We are happy to welcome Trevor Branch (@TrevorABranch, @BlueWhaleNews) to Real Scientists! Trevor is an Associate Professor at the School of Aquatic and Fishery Sciences, University of Washington, in Seattle. His professional focus is on solving biological problems through data synthesis and mathematical models as well as work on a whole wide variety of research projects, including the following: assessing the global status and future directions of marine fisheries, testing hypotheses about how fisheries affect marine food webs using stock assessments, catches, and surveys, and detecting factors that influence patterns in fishery development. The human side of fisheries, including fishing behavior and fleet dynamics, especially as related to the effect of individual transferable quotas (“catch shares”) on the environment, target fisheries, discards, and quota utilization. Research on large whales, especially blue whales but also minkes and humpbacks, which has led to papers on abundance estimation, changes in population size over time, maps of occurrence and the separation of subspecies.
Modeling herring in Prince William Sound, delving into explanations for their collapse and failure to recover. Citation analysis: the futility of scientific rebuttals, usage of fishers vs. fishermen, and a website with the most-cited fisheries papers, books and databases of all time, the most cited papers in each year, and current controversies in fisheries science.
Additional topics that he is working on are the effects of ocean acidification on marine seafood and how overlooking opportunistic depletion can lead to extinction in multispecies systems.
Even with this impressive collection of projects going on, Trevor found the time to sit down and tell us a bit about himself:
How did you end up in science? Zoology always fascinated me from an early age, since my parents are both naturalists and marine biologists, and also enjoyed computer science. I meandered my way through grad school and countries, and worked as a research scientist for six years before a faculty job opened in my city and I got the job.
What brought you to your current field? Mostly serendipity, fisheries stock assessment is the perfect combination for those interested in animals, programming, math, and statistics. There happened to be an opening for a MS student at the University of Cape Town in this field when I finished my undergraduate, and I had the right skills: majors in zoology and computer science.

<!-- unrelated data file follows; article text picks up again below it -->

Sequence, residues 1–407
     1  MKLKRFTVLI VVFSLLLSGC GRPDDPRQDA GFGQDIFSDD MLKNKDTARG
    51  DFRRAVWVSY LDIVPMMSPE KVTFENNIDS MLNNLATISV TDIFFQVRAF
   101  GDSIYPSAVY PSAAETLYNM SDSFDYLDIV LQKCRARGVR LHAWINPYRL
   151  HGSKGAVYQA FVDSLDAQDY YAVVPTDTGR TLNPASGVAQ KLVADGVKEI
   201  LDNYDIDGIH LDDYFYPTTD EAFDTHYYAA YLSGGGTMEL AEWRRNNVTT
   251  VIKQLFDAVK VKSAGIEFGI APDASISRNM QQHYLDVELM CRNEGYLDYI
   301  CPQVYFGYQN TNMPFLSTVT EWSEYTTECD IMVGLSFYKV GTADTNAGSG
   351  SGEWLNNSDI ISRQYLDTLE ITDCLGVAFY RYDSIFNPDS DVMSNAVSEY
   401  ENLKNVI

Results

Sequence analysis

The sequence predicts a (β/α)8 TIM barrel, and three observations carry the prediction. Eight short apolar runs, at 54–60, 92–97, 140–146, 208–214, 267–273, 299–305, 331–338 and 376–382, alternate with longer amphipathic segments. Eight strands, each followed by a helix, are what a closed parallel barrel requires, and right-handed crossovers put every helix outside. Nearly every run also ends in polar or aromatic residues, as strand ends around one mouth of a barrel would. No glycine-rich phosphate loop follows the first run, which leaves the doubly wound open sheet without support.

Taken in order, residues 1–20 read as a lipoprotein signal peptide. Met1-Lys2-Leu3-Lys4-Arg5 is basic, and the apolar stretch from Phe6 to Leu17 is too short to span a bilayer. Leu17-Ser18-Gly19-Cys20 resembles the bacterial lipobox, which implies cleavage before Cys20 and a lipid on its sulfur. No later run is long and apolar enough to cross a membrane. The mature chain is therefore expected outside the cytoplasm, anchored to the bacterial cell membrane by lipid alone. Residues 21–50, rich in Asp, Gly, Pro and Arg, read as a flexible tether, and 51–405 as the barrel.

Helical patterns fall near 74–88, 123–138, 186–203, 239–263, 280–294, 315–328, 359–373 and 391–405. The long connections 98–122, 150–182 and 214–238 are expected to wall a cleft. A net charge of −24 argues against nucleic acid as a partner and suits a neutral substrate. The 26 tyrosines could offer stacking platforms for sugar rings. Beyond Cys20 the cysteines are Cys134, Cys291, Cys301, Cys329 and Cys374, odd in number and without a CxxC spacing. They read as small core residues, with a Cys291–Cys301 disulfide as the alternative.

Tell us a bit about your work I use computer models, meta-analysis, and data synthesis, to solve real life problems in fisheries and whale populations. Much of my work revolves around analyzing other people’s data in novel ways: they get to have fun collecting the data and I have fun finding interesting patterns.
Why should the lay public care about your work? Fisheries are worth hundreds of billions of dollars annually and employ hundreds of millions of people directly and indirectly. My work aims to improve how we manage fisheries, and to train people to get more accurate estimates of sustainable levels of catch.
Do you have any interesting extracurricular obligations? I have a family and two youngish kids, that’s all I have time for. And travel. Especially safaris to Kruger National Park…
Any interesting hobbies you’d like to share? I love reading, and playing and watching sport. I played university level volleyball in South Africa, and now focus on tennis. I love hiking, beaches, mountains, wild places and wildlife.
How would you describe your ideal day off? A long walk on a beautiful beach with my family, followed by reading a great book.
Please welcome Trevor to Real Scientists!